5 years sees Specials strength fall by a third

Ian Miller, Chair of the Association of Special Constabulary Officers, told BBC News that Special Constables who join the regular constabulary were “not being replaced”

West Midlands Police saw its Special Constabulary strength decrease by over two-thirds in a five-year period from 2012 to 2017, with Merseyside also losing a similar number.

The Metropolitan Police Service reported a loss of 52% of its Special Constabulary strength after a significant recruitment campaign in the run-up to the London 2012 Olympic and Paralympic Games. A spokeswoman told The BBC that numbers have fallen due to the “natural life cycle” of volunteers, with many joining the regular service.

See more at Picture credit: Greater Manchester Police.

Taser and Special Constables

The Home Secretary is announcing today that Special Constables will be authorised to use Taser. 

ASCO welcomes this. Special Constables serve on the front-line, hold all the powers of a Warranted Constable and to the public are indistinguishable from our paid, regular officer colleagues. We face the same threats and we attend the same incidents where we need to be suitably equipped to protect members of the public from serious harm. The nature of our volunteer service means that many of us are more exposed to high risk and violent incidents, due to our volunteer hours typically being at times of peak demand.  

The work at national level to reach this point has taken a long time, we believe frankly it has taken too long. ASCO has participated in this work throughout the drawn out process and has championed the views of a majority of Special Constables who are supportive of Taser deployment, provided the right training and support arrangements are in place. We are delighted we have now reached this point today. 

David Pedrick-Friend, Chair of ASCO said  

“Special Constables are generally deployed in forward facing operational roles at peak times of demand during weekends and evenings.  

That is because as volunteer police officers those are the times they have availability outside of their regular paid employments to volunteer as Special Constables. This means that Special Constables often are regularly exposed to high levels of conflict, trauma and highly emotive situations and need the resources available to keep themselves and the public safe. We have been working very hard over a number of years often in the face of great resistance and obstruction to argue that Special Constables should, where operational need exists, be able to carry Taser for their own and others safety. I am pleased that this has finally been achieved”.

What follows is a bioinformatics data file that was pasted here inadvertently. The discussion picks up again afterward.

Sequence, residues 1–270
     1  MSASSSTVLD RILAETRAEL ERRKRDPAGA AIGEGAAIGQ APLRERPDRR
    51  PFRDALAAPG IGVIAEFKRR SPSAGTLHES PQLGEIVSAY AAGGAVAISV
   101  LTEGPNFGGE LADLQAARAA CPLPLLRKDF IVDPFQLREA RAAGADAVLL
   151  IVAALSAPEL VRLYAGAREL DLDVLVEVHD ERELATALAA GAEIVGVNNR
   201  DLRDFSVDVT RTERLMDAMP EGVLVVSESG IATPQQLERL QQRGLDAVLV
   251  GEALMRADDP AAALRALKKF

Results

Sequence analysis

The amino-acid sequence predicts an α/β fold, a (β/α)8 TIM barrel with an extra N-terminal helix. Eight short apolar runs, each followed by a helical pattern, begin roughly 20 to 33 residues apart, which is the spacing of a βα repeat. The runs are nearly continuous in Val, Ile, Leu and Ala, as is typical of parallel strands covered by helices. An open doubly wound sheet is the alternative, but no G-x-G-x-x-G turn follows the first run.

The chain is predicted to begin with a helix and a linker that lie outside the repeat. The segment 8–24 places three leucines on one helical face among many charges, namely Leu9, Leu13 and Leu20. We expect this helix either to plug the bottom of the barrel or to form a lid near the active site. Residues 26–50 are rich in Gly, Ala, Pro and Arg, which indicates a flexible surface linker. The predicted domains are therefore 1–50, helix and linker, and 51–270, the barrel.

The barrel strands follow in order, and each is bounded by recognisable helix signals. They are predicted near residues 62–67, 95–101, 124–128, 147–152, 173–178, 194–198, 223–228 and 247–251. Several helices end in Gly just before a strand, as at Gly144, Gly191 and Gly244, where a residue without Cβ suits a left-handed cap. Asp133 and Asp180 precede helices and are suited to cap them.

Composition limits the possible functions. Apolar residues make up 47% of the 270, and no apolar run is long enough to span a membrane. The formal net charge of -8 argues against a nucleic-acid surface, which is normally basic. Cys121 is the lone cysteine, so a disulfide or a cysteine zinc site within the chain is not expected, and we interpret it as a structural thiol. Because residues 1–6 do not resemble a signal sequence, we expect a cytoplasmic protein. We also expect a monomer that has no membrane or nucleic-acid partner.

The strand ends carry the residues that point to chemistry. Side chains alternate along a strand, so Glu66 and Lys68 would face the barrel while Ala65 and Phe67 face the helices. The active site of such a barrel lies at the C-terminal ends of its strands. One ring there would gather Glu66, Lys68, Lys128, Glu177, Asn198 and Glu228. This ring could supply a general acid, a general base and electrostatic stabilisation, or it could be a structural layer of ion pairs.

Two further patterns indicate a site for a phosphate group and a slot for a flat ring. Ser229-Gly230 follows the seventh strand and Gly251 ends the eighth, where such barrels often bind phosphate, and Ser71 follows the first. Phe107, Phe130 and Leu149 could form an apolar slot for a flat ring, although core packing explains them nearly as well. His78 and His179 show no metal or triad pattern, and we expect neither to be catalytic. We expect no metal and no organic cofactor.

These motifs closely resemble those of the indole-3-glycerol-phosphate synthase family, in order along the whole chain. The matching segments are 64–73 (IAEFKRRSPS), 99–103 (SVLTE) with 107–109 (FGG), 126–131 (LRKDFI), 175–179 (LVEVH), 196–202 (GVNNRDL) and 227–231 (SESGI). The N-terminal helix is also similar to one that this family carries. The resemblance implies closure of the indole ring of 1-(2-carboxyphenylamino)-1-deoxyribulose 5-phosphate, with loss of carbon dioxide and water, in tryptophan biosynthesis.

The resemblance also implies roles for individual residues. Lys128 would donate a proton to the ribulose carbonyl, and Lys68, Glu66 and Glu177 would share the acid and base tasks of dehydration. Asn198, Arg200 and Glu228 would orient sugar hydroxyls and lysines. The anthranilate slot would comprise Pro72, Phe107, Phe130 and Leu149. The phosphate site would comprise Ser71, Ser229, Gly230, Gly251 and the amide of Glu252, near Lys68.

The licencing of Taser for Special Constables will be under clear national guidance, and the training on Taser received by Special Constables will be exactly the same standards as for regular police officers. 

Decisions on deployment are a matter for each local Chief Constable. Arrangements for their Special Constables to be trained and equipped with Taser will therefore now be taken individually by each local police force. It is anticipated that a large proportion of forces will progress relatively quickly towards some of their Special Constables being deployed with Taser. 

Authorisation for Special Constables to use Taser is not linked to other discussions and developments relating to representation. 

ASCO is here to support all Special Constables. Membership is free to all serving SCs join us today 

Celebrities become Specials in upcoming Channel 4 show

A new show Famous and Fighting Crime premiers on Monday, and will see well-known celebrity faces train to become serving members of the Special Constabulary.

The format will see the celebrities paired with serving regular constables completing shifts from Public Order and rowdy bus shifts, to custody and burglary deterrent shifts.

Lee McMurray, Commissioning Editor at Channel 4 Formats, said the “great cast of familiar faces” would “make for a fantastic Channel 4 series that will have broad appeal” as well as giving “fascinating insights into contemporary Britain”.

Special Constables, or Specials, are warranted police officers with all the powers of their regular colleagues – wearing the same uniform, carrying the same kit, and even driving the same vehicles if permitted to do so by their force. Specials perform their duties on a voluntary basis and receive no payment for doing so, although some forces may provide benefits to their officers.

The first of four episodes premiers Monday, 11th February at 9pm on Channel 4, with Jamie Laing, Sandi Bogle, Penny Lancaster, Marcus Brigstocke and Katie Piper all joining the Cambridgeshire Constabulary.

Picture credit: Channel 4.